Orthodox Christian lawmakers in Russia passed a resolution this week during a meeting at Moscow's Christ the Savior Cathedral, saying they'll push for a change to the country's Constitution that will state that "life begins at the moment of conception," paving the way for a ban on abortion, emergency contraception and IUDs, as well as criminal penalties for doctors who provide abortion care. It's another salvo in Russia's slowly escalating abortion wars, which are beginning to look more and more like ones we're mired in stateside.

Russian newspaper Izvestia reported on the meeting at Christ the Savior yesterday, and was shared in English by Russia Today this morning. About 400 state and federal lawmakers reportedly attended the meeting; according to RT, the resolution they passed refers to abortion as "murder." The site reports:

According to the resolution, any induced abortion is "murder" and must be banned. This also includes contraceptives "with an abortive function" – morning-after pills and intra-uterine devices – whose production, sale and use in Russia would also be banned. Members of the assembly quoted the state statistics agency, Rosstat, as stating that the number of Russian women who use abortive contraception is now about 9 million.

The document also suggests introducing criminal liability for doctors who perform abortions, for mothers who have them and also for anyone forcing or pressuring a woman to have an abortion. "Medical workers must always consider the [unborn] child as their second patient and make efforts, using all possibilities, to keep this child alive," the resolution states.

From the 1960s on, abortion has been widely available in Russia, and the country has had one of the highest abortion rates in the world, according to data from the United Nations (although it's dropped dramatically since the '90s). At the same time, there doesn't seem to be widespread use or awareness of contraception; one study by a Moscow University found that only 14 percent of women used birth control pills and 20 percent used IUDs, while the other women who said they were taking precautions against unwanted pregnancy were using less-effective forms of family planning like withdrawal and the rhythm method.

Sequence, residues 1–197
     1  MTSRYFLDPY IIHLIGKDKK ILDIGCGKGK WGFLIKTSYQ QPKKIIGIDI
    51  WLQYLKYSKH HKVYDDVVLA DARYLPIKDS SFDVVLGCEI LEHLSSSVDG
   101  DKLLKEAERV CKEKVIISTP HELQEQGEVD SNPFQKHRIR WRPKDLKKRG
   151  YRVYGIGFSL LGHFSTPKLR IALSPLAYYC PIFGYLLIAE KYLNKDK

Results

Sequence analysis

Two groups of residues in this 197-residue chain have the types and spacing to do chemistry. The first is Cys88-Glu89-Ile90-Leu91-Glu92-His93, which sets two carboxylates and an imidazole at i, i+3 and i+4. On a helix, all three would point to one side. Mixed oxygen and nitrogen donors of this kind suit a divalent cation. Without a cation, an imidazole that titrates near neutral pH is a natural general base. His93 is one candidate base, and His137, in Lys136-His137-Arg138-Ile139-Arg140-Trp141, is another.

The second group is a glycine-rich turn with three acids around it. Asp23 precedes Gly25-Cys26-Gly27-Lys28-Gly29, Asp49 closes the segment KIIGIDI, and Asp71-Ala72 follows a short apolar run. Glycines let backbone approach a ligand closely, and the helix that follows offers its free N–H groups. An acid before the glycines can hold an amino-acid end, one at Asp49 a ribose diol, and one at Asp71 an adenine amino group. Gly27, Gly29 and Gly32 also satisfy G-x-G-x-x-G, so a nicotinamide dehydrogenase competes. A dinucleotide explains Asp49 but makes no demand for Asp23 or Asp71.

It might make sense, then, to launch a national education campaign on effective forms of birth control but that's... not what happened. Instead, in 2011 former Russian president and current prime minister Dmitry Medvedev passed a law restricting abortion advertising, making it "illegal to describe abortion as a safe medical procedure," according to the New York Times. (Abortion is 14 times safer than childbirth.)

The Orthodox Christian lobbyists pushing for a change to Russia's constitution claimed earlier this year that they've gathered 100,000 signatures on a petition seeking a total ban on abortions, enough to require the parliament to consider the proposal. According to RT, previous attempts to ban abortion have been rejected by Russian lawmakers, out of fear that it would lead to more illegal abortions and abandoned children.

A 2008 anti-abortion protest in downtown Moscow. The writing on the crosses, according to the Associated Press, alludes to "the various professions the unborn children might have achieved. The signs on the crosses at the bottom of the picture read, culture worker, left, and famous writer, right." Image via AP.